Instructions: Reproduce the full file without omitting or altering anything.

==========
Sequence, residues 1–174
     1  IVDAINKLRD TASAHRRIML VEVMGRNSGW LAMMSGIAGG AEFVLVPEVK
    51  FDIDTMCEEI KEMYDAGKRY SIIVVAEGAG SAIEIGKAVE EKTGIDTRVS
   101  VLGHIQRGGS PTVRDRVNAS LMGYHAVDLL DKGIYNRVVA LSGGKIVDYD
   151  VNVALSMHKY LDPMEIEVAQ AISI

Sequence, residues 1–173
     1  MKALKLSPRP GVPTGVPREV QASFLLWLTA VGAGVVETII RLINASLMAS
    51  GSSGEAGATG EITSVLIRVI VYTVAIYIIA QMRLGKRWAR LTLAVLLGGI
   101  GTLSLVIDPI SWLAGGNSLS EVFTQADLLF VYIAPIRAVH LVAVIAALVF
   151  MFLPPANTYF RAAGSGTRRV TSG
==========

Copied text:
Sequence, residues 1–174
     1  IVDAINKLRD TASAHRRIML VEVMGRNSGW LAMMSGIAGG AEFVLVPEVK
    51  FDIDTMCEEI KEMYDAGKRY SIIVVAEGAG SAIEIGKAVE EKTGIDTRVS
   101  VLGHIQRGGS PTVRDRVNAS LMGYHAVDLL DKGIYNRVVA LSGGKIVDYD
   151  VNVALSMHKY LDPMEIEVAQ AISI

Sequence, residues 1–173
     1  MKALKLSPRP GVPTGVPREV QASFLLWLTA VGAGVVETII RLINASLMAS
    51  GSSGEAGATG EITSVLIRVI VYTVAIYIIA QMRLGKRWAR LTLAVLLGGI
   101  GTLSLVIDPI SWLAGGNSLS EVFTQADLLF VYIAPIRAVH LVAVIAALVF
   151  MFLPPANTYF RAAGSGTRRV TSG